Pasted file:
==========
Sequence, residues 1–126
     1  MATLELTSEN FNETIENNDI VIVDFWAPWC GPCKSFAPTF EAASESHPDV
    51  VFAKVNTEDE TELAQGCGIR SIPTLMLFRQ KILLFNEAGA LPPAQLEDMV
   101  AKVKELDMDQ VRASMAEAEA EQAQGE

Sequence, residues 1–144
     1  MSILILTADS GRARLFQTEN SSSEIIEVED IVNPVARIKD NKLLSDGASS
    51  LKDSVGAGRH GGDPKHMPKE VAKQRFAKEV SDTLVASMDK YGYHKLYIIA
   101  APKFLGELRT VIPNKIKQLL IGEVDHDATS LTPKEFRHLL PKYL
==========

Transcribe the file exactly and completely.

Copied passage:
Sequence, residues 1–126
     1  MATLELTSEN FNETIENNDI VIVDFWAPWC GPCKSFAPTF EAASESHPDV
    51  VFAKVNTEDE TELAQGCGIR SIPTLMLFRQ KILLFNEAGA LPPAQLEDMV
   101  AKVKELDMDQ VRASMAEAEA EQAQGE

Sequence, residues 1–144
     1  MSILILTADS GRARLFQTEN SSSEIIEVED IVNPVARIKD NKLLSDGASS
    51  LKDSVGAGRH GGDPKHMPKE VAKQRFAKEV SDTLVASMDK YGYHKLYIIA
   101  APKFLGELRT VIPNKIKQLL IGEVDHDATS LTPKEFRHLL PKYL